Callers Collective practice at Erik’s house, with dance angels – Jan. 2014
I mentioned the New Mexico Callers Collective in a recent post, and got enough questions from dancers in other parts of the country that I think it merits its own blog post. So here goes: My experience participating in the New Mexico Caller’s Collective, which was started last summer by Erik Erhardt.
The Key Ingredients
INTEREST: During last summer (2013), one of our regular dancers asked Erik to teach her how to call contra dances. From this request, he started what would later become the New Mexico Callers Collective. I highlight this genesis because I think it is an important point. In our community, it took a request from a dancer to a caller to get the collective started. Sometimes it is important that we give our leaders the permission to lead by inviting them to share their expertise. This gives our leaders the confidence to share their knowledge knowing that it is welcomed and valued. So, first point: the momentum must come from the community.
SPACE: Erik invited others that he thought may be interested in learning to call, and we began to meet. We met for the first few times at a local dance studio that had a cheap hourly rate. Then Erik offered his new home as a place to meet, as it he had remodeled it to have a large enough wood floor to be used as a dance space.
Important considerations for the location:
- Power for stereo, speakers, microphone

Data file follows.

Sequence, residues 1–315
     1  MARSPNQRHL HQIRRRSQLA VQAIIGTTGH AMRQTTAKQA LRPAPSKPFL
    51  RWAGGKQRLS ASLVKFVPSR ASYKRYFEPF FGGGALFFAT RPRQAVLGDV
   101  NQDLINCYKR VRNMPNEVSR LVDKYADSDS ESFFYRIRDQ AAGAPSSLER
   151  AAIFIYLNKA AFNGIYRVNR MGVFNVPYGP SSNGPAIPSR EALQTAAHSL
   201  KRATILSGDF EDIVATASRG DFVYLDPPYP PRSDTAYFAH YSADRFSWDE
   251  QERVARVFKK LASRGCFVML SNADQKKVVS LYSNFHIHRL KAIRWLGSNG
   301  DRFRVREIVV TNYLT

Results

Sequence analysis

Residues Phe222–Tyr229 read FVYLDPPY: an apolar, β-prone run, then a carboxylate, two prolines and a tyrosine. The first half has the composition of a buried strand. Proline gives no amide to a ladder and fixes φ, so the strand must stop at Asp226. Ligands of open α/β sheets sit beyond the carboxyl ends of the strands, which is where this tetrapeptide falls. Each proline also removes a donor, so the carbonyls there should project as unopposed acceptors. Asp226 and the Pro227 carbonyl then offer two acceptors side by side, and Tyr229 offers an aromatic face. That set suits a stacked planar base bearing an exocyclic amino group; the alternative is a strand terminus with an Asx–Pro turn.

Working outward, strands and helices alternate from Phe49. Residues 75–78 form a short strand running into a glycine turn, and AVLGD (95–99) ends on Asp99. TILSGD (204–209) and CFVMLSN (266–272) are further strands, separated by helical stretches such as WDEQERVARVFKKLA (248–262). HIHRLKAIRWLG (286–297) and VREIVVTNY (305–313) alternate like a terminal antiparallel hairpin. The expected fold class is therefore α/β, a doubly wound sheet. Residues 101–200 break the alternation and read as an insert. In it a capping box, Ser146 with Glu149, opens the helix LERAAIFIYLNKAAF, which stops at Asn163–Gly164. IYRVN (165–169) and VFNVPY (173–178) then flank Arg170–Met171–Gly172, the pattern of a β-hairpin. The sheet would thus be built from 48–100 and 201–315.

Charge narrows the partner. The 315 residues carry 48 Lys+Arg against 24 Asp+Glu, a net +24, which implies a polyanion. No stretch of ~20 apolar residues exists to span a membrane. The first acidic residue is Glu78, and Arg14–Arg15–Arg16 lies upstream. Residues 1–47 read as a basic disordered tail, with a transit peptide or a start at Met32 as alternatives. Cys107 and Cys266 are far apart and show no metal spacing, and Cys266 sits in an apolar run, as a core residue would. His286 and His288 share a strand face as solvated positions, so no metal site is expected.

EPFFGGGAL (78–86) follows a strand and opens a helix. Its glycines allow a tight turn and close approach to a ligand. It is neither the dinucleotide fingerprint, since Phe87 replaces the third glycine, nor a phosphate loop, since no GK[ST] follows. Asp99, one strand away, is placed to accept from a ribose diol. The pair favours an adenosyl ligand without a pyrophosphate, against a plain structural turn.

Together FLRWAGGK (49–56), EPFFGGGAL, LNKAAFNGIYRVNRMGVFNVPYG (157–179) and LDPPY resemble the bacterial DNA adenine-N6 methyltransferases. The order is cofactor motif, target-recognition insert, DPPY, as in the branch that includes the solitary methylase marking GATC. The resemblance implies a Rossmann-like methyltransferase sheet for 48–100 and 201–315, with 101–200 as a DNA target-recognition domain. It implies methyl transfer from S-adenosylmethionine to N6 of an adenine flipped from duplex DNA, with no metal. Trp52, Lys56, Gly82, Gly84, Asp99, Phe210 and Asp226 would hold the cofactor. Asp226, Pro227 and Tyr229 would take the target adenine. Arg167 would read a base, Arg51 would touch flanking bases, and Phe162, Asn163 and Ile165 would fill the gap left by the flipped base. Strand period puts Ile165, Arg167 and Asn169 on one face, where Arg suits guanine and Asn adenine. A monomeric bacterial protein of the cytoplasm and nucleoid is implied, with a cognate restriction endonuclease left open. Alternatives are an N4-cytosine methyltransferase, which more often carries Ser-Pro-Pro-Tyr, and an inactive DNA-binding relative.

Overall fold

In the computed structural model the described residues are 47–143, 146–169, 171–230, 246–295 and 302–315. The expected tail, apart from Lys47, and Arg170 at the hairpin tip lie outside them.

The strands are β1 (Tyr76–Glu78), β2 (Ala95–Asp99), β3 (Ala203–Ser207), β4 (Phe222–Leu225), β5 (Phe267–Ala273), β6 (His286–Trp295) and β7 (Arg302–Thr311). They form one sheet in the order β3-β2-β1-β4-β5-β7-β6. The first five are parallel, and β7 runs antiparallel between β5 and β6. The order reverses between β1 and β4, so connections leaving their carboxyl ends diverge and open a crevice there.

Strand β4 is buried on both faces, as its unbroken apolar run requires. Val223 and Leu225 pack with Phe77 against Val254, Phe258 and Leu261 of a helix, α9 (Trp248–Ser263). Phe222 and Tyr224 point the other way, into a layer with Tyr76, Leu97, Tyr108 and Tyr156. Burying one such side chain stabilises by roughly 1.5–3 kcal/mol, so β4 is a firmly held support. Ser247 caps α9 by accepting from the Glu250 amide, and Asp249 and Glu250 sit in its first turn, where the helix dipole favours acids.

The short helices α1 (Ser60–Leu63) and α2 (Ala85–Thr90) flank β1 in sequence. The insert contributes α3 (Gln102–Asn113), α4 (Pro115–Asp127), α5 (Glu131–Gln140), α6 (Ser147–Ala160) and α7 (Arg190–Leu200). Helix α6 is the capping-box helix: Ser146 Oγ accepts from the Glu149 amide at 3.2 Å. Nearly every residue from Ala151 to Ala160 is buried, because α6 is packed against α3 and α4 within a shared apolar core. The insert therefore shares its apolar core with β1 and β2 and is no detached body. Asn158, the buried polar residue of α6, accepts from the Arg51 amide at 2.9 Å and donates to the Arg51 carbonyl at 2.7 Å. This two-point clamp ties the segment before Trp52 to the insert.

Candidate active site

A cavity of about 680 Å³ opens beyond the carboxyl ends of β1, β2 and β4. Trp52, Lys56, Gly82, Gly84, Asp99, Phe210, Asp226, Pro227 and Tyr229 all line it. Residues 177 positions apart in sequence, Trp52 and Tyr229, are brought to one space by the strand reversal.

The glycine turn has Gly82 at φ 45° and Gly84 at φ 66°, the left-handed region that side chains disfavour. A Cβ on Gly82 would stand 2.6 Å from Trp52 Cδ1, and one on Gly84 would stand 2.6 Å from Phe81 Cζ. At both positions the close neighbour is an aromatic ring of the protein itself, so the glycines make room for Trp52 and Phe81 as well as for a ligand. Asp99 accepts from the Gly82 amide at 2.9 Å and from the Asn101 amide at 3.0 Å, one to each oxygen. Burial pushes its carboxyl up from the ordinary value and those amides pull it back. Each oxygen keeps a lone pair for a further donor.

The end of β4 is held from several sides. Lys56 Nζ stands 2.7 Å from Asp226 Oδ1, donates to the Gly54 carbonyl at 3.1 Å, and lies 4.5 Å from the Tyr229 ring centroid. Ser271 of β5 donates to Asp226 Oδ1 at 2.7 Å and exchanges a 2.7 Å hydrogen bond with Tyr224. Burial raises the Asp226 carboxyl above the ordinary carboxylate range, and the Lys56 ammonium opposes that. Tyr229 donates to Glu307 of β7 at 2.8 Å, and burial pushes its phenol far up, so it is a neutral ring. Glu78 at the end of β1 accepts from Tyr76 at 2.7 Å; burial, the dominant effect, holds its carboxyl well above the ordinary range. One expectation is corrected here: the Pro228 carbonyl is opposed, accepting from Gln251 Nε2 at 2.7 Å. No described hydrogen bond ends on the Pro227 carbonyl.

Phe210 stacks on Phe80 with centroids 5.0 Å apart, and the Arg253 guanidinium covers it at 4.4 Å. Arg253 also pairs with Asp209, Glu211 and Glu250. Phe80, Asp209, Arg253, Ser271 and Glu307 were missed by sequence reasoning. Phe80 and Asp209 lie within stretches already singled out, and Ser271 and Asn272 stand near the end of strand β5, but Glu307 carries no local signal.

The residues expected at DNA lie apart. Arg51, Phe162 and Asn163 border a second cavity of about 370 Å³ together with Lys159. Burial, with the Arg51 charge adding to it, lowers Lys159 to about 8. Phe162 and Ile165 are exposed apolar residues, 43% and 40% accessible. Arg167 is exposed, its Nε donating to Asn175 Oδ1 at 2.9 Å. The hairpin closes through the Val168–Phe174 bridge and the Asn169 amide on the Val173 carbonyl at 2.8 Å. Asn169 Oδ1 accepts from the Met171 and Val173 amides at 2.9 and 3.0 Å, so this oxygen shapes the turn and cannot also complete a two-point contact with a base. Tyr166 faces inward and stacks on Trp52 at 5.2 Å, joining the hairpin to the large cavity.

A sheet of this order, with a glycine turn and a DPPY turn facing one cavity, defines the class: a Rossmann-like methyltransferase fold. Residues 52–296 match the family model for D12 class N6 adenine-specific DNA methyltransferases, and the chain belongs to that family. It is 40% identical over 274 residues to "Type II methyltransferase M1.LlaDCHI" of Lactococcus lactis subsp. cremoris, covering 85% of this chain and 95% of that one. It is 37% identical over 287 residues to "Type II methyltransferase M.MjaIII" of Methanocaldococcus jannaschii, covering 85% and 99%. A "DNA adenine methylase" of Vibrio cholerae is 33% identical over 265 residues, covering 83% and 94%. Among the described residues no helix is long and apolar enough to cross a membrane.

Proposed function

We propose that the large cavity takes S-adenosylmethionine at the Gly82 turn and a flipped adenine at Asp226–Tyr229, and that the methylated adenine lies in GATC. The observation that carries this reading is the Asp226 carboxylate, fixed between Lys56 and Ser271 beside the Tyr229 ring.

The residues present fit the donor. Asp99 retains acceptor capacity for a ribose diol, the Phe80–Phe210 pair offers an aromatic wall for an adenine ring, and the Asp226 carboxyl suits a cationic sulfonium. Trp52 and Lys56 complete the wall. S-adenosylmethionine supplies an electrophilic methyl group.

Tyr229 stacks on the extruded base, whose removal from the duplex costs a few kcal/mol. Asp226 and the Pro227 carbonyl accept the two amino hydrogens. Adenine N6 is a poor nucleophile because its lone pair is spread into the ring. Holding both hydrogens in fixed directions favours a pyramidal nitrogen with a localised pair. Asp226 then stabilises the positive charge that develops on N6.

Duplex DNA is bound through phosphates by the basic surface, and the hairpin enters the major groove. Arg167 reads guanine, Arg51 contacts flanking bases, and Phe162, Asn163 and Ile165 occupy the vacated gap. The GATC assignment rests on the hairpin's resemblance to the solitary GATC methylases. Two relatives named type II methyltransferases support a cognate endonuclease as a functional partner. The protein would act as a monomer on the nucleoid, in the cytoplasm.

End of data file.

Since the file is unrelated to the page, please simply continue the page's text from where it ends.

- Dance floor!
SUPPORT: Our community has been incredibly supportive. They want to see new talent on our stages. We have dance angels who come to callers workshops when we need extra dancers. The crowd is patient and encouraging if a new caller makes a mistake (and, let’s face it, oh boy do we!). This is another key ingredient to making our collective a success: our community values this growth, and is investing energy into it.
Prepping for my second full evening with my new (and obnoxiously pink) card box – Feb. 2014
Setting Clear Guidelines & Expectations
Right from the beginning we had a clear outline of what each collective meeting would accomplish. Perhaps most importantly, we set up clear guidelines for how we would interact with each other as developing callers, and how we would give feedback to each other as we were going through the learning process.
The feedback model that we adopted on Erik’s suggestion is as follows:
- After a collective caller has called or taught a dance in the workshop, they have the opportunity to say what he/she liked about it. Then the group has the opportunity to say what they liked.
- When the strengths of the walkthrough/lesson/dance are pointed out, then the caller says what he/she wished could have gone better. Similarly, the group then shares what they would have needed to be done differently if they were new dancers. Framing this in terms of “I would have needed…” keeps the critique helpful, specific, and encouraging for the new caller. Examples of using this feedback model include: “I would have needed your calls in B1 to come earlier,” or “I think I needed to hear a different choice of words when you were describing how to do the hey,” or “I needed to hear you enunciate more clearly and with more confidence, so that I could follow your leadership more easily.” (In contrast, feedback models that are NOT helpful may have sentences that start with “You should have…”, “I would have done it this way…”, or “You were late.”)